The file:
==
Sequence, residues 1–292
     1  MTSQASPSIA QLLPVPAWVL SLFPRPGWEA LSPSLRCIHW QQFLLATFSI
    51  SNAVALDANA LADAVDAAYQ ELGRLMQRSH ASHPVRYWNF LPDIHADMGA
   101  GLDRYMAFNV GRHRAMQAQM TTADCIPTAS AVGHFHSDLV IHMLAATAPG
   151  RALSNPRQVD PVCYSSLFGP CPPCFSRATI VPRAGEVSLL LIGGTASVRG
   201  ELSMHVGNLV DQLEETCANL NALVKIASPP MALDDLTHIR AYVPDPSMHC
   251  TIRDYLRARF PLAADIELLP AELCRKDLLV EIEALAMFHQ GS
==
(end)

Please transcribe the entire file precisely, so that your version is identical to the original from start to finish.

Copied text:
Sequence, residues 1–292
     1  MTSQASPSIA QLLPVPAWVL SLFPRPGWEA LSPSLRCIHW QQFLLATFSI
    51  SNAVALDANA LADAVDAAYQ ELGRLMQRSH ASHPVRYWNF LPDIHADMGA
   101  GLDRYMAFNV GRHRAMQAQM TTADCIPTAS AVGHFHSDLV IHMLAATAPG
   151  RALSNPRQVD PVCYSSLFGP CPPCFSRATI VPRAGEVSLL LIGGTASVRG
   201  ELSMHVGNLV DQLEETCANL NALVKIASPP MALDDLTHIR AYVPDPSMHC
   251  TIRDYLRARF PLAADIELLP AELCRKDLLV EIEALAMFHQ GS